In the beginning of Micah 6, God dialogues with His people, listing all the things that He has done on their behalf.
In response, the worshiper who comes into the temple asks what he might do to please God. What is it that constitutes an acceptable offering: year-old calves, a multitude of rams, rivers of oil, or even the worshiper’s firstborn child? There is a steady progression of the size and value of the offerings listed in this text.
Read Micah 6:1-8. What crucial truth is being taught here? Why is this especially important for us, as Seventh-day Adventists? What does this tell us about how truth is more than just correct doctrine and detailed understanding of prophecy? See Matt. 23:23.
The prophet declares that God already has revealed what He wants. Through the teachings of Moses, the people knew what God had graciously done for them (Deut. 10:12-13). Micah’s answer was not a new revelation that signaled a change in God’s requirements. Sacrifices and priestly services were not God’s first concern. God’s supreme wish is to have a people who act in justice toward their neighbors, with consistent devotion and love toward the Lord. The most extravagant offering that people can give to God is obedience.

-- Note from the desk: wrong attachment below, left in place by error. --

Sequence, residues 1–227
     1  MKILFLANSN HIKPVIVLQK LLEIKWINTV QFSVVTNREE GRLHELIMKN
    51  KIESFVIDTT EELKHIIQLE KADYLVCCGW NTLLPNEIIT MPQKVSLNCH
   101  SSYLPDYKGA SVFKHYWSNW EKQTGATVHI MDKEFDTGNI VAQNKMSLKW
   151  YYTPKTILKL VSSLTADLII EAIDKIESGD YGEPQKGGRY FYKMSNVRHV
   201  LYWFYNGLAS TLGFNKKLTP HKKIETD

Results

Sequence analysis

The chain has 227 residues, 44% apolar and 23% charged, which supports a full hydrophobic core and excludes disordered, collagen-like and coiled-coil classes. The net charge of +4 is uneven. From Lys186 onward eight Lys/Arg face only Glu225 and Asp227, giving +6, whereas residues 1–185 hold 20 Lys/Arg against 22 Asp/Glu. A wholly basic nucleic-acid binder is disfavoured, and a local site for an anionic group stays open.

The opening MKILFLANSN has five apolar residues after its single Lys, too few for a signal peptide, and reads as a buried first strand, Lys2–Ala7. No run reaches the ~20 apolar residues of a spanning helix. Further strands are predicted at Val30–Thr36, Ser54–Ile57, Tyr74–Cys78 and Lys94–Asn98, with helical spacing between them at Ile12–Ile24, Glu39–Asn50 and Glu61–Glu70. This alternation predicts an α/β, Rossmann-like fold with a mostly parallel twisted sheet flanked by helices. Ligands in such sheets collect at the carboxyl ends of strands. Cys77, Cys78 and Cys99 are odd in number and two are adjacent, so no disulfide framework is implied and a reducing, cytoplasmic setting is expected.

Micah 6:8 is the most succinct statement of God’s will for His people. It summarizes all prophetic teachings on true religion: a life displaying justice, mercy, and a close walk with God. Justice is something that people do when prompted by God’s Spirit. It has to do with fairness and equality for all, especially the weak and powerless who are exploited by others. Kindness means to freely and willingly show love, loyalty and faithfulness to others. Walking with God means to put God first and to live in conformity with His will.
Why is it easier to keep the Sabbath strictly than it is to do justly, love mercy, and walk humbly before God?